The Benefits of Sin?

The Savior spoke parables in order to teach eternal truths. The Bible Dictionary points out that “the application of a parable may vary in every age and circumstance,”((Bible Dictionary, “Parables.”)) so we shouldn’t be surprised if several valid meanings can be drawn out of any one parable. However, just because a parable can be applied several different ways does not mean that any or every possible interpretation is true.

The Parable of the Two Debtors

There is one particular parable that I would like to discuss: the parable of the two debtors. While I do not claim to know all the profound and true interpretations one could make with this parable, I do know one interpretation we can rule out as incorrect.

I focus on this parable because it has implications in answering the problem of evil. In this series, I hope to show how understanding the nature of sin helps us better understand this mortal test and how a good God can allow evil. The misunderstanding itself, in fact, is a testimony of just how powerful the atonement is. First though, let me quote the parable.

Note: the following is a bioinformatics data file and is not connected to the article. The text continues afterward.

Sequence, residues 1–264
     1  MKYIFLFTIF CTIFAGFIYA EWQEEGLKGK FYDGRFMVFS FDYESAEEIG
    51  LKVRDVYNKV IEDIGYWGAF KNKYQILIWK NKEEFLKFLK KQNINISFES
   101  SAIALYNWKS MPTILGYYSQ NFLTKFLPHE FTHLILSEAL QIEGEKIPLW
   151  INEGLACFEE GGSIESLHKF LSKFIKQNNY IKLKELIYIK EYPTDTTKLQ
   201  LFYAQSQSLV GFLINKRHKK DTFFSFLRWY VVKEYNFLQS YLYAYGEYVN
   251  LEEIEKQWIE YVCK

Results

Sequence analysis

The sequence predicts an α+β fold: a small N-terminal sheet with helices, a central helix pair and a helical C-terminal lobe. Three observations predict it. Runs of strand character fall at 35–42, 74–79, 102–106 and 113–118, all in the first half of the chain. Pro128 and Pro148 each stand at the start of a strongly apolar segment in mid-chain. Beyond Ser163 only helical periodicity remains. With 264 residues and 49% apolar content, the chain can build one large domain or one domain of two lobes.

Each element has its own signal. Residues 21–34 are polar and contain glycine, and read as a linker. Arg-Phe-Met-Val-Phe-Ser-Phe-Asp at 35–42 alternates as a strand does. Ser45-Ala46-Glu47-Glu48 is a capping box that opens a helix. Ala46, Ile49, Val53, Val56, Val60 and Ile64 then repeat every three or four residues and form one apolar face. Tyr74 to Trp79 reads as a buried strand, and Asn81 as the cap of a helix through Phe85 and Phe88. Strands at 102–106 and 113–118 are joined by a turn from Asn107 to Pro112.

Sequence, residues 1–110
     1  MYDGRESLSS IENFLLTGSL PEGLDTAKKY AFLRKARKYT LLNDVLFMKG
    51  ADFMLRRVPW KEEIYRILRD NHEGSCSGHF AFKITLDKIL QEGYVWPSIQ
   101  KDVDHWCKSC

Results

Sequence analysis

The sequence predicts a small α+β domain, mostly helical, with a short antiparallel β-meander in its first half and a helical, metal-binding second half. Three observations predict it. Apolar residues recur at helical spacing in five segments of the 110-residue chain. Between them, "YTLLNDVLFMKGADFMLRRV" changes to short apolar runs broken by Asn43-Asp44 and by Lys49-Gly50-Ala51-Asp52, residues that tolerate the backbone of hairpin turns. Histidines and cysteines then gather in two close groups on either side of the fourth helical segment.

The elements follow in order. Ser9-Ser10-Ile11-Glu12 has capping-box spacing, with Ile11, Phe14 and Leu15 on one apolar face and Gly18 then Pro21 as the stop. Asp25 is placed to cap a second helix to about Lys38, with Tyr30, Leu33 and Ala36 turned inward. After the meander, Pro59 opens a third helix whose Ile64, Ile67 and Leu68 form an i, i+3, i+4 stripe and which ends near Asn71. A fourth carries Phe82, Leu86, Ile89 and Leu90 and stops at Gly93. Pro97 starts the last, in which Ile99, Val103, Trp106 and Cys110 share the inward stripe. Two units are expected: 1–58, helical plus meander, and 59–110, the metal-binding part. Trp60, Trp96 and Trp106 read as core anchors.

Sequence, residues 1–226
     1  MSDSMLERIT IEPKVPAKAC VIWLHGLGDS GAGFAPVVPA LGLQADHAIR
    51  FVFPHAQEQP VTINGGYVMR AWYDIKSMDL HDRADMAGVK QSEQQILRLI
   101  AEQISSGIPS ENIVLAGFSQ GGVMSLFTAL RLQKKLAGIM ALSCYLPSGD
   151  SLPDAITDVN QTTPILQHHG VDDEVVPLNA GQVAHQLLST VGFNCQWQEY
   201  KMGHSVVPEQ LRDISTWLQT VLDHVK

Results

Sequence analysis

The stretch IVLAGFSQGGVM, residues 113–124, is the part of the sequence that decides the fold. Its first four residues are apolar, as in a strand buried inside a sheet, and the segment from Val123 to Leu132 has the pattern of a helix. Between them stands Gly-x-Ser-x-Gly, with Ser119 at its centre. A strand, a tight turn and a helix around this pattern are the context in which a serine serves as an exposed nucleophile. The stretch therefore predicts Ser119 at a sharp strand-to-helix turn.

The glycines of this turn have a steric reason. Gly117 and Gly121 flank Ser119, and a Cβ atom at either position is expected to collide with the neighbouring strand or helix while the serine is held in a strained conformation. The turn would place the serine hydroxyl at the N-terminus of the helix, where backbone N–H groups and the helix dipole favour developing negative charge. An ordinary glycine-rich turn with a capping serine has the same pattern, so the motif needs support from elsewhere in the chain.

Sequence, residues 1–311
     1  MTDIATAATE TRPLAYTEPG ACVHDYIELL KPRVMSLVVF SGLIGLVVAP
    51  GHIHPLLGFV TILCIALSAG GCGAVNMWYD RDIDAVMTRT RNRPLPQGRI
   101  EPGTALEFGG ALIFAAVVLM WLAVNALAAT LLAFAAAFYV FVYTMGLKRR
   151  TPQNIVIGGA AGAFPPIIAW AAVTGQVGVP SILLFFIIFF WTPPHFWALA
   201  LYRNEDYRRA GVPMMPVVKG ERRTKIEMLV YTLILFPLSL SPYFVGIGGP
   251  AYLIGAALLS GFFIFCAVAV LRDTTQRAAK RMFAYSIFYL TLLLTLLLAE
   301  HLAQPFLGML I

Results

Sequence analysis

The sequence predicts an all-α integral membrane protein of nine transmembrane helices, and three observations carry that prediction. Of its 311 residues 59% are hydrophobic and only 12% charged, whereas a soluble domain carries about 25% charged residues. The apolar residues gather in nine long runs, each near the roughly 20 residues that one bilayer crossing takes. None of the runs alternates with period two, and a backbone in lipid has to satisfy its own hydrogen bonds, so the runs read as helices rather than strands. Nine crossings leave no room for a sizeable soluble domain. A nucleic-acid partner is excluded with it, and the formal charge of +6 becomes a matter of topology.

And Jesus answering said unto him, Simon, I have somewhat to say unto thee.

And he saith, Master, say on.

There was a certain creditor which had two debtors: the one owed five hundred pence, and the other fifty. And when they had nothing to pay, he frankly forgave them both. Tell me therefore, which of them will love him most?

Simon answered and said, I suppose that he, to whom he forgave most.

And he said unto him, Thou hast rightly judged. (Luke 7:40–43)

A Sincere Misinterpretation

To be honest, I can see how this parable could easily be misunderstood. The Savior seems to be implying the more you sin, the more you will love Heavenly Father. It’s not too far of a jump to conclude, “Hey, sin away, just as long as you repent. That way you’ll love Heavenly Father more!”

One time in my elders quorum in a student ward, while discussing sin and repentance, my friend suggested, “Well, repentance and forgiveness are good things, so maybe it’s good to sin, because then there’s more repentance and forgiveness going on.” It seems easy to discount this interpretation when it’s stated hypothetically like this, in a tongue-in-cheek manner (and I think my friend may have been playing devil’s advocate a little in order to create discussion and liven up my boring lesson). But let me rephrase his hypothetical suggestion by telling of a real-life situation.